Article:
By Tony D’Souza
When I first arrived here in 1998, I’d feel guilty if I missed a week without going to the beach. Time passed, and that became a month. These days, a year might go by and I’ll think to myself, “Jeez, when was I last at the beach?”
Life gets on you, even in Sarasota. I might think of having a beach day, and then I’ll imagine fighting for a parking space, all the sand that will get in my car, and the kids and I go to Mote or Myakka instead. The regret grows less the longer I stay. After all, the beach is always here, the easiest thing to take for granted.
The late Shel Silverstein wrote a classic children’s book that my mother read to me, The Giving Tree. I’m now reading the book to my kids. In it, a boy grows up in love with an apple tree, and the tree loves him, too. As he ages, the tree lets him cut her down to build his house. In the end, all she has left to give him is her stump, which the boy, an old man now, is grateful to sit on.
Our beach has given me as much as that tree. One day about eight years ago, I took a girlfriend to the beach. We waded in the water and were surrounded by thousands of little silver fishes. We caught them in our hands, acted silly and threw them into one another’s hair. We took the children we eventually had to the beach as babies, watched them discover shells and eat its sand.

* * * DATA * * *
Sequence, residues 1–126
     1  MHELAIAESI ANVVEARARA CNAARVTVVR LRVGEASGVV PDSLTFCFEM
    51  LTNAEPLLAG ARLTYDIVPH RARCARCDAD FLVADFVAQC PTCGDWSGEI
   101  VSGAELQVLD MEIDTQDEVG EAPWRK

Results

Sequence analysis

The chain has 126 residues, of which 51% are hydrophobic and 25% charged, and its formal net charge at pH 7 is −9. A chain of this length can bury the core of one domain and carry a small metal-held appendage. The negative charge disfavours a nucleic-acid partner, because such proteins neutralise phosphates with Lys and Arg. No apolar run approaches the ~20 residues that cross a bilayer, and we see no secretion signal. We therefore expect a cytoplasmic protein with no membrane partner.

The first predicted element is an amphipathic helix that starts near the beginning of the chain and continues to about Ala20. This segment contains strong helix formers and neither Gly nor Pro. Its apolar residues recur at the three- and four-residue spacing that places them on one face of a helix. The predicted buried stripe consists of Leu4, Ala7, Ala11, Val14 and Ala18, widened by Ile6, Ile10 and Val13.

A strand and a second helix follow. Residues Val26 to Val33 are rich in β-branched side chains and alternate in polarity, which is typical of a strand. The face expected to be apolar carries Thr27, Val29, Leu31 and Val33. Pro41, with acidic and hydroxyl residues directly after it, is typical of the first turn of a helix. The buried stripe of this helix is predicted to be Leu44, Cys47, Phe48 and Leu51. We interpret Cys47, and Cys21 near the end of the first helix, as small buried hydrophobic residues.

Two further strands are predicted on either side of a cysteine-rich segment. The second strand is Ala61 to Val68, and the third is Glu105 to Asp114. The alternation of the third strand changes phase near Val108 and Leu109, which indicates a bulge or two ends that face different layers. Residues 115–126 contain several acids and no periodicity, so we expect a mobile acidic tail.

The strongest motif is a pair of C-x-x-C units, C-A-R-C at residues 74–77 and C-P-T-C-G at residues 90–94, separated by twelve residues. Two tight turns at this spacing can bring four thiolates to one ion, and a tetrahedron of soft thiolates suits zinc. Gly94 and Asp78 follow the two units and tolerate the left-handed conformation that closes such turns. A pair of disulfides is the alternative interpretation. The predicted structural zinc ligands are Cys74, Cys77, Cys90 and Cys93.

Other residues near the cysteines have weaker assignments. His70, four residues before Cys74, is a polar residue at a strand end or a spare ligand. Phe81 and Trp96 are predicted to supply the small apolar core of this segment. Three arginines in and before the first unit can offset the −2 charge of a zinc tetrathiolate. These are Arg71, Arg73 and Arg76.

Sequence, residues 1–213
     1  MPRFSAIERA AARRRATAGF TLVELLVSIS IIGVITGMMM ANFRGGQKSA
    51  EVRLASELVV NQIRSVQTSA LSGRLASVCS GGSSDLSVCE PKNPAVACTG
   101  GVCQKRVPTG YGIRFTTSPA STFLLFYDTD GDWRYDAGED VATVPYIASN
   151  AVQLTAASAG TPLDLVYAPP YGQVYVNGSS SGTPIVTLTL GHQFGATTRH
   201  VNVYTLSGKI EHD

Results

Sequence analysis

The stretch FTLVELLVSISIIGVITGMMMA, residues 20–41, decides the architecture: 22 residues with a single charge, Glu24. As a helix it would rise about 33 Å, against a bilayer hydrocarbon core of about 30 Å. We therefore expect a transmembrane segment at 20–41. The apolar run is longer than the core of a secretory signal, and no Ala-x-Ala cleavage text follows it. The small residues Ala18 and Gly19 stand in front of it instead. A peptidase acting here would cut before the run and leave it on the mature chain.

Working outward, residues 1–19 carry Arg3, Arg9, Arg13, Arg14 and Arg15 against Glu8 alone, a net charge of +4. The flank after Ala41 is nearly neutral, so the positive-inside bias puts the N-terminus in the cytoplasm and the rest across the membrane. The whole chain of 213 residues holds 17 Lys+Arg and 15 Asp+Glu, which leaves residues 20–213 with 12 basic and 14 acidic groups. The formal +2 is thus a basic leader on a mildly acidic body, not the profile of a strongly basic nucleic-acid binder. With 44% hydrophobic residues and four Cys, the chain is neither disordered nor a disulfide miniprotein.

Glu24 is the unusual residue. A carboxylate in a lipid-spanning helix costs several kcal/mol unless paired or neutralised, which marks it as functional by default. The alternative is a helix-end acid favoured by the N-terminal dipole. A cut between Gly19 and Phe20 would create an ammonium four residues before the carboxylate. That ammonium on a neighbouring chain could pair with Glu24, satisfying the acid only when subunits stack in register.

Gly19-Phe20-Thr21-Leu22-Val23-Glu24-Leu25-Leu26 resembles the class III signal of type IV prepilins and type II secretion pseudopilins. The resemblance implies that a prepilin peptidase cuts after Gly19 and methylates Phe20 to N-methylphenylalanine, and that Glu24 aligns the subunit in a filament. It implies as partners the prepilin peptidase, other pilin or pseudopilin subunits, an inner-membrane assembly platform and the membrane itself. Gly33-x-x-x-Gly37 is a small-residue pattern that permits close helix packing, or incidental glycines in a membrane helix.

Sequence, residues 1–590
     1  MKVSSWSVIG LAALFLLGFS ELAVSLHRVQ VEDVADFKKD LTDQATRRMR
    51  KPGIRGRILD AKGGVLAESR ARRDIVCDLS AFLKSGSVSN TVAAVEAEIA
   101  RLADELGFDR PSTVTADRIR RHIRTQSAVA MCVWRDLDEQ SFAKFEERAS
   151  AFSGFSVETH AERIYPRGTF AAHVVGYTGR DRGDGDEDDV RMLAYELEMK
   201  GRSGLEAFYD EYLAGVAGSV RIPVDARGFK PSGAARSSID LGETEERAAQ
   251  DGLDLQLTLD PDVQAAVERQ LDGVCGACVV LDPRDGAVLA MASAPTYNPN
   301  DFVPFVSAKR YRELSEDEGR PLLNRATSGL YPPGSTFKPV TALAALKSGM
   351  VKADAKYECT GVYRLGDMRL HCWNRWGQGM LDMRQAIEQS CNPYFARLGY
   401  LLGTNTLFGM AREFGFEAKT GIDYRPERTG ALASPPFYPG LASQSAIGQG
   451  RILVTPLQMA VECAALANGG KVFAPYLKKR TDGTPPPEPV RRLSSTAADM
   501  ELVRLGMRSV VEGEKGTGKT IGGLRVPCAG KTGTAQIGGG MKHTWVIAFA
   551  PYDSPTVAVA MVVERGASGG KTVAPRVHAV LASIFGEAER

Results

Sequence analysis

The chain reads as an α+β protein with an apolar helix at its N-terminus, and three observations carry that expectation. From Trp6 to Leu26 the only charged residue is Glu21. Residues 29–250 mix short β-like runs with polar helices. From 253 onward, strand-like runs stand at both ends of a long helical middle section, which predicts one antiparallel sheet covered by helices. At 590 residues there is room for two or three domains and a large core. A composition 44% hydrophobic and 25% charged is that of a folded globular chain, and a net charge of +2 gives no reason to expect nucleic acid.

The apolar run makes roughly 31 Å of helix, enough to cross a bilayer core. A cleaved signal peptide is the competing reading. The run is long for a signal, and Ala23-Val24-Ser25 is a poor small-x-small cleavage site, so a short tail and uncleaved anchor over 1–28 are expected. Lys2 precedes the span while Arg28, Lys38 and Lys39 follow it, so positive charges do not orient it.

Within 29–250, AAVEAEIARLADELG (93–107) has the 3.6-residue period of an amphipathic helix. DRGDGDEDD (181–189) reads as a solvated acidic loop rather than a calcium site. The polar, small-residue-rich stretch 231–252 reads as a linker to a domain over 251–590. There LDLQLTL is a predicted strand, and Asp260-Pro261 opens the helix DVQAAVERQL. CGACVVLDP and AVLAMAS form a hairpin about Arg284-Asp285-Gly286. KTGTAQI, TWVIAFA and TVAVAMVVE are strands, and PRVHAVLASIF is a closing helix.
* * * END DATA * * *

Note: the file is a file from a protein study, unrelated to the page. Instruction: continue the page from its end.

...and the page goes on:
Both of my kids learned to walk on this beach, which gently caught them when they fell. The beach was here in my darkest hour, after my divorce, when I needed a place to just sit.
Life has its hurricanes, and our beach is always here. Life renews and has its sunny days, and our beach is always here. I may not go to the beach every day, but I’m always glad when I do. I love looking back and seeing mine and my children’s footprints in a long trail together in the sand. That the beach always washes them away feels just right, too.
Novelist and contributing editor Tony D’Souza also writes for such publications as The New Yorker, The Atlantic and Esquire.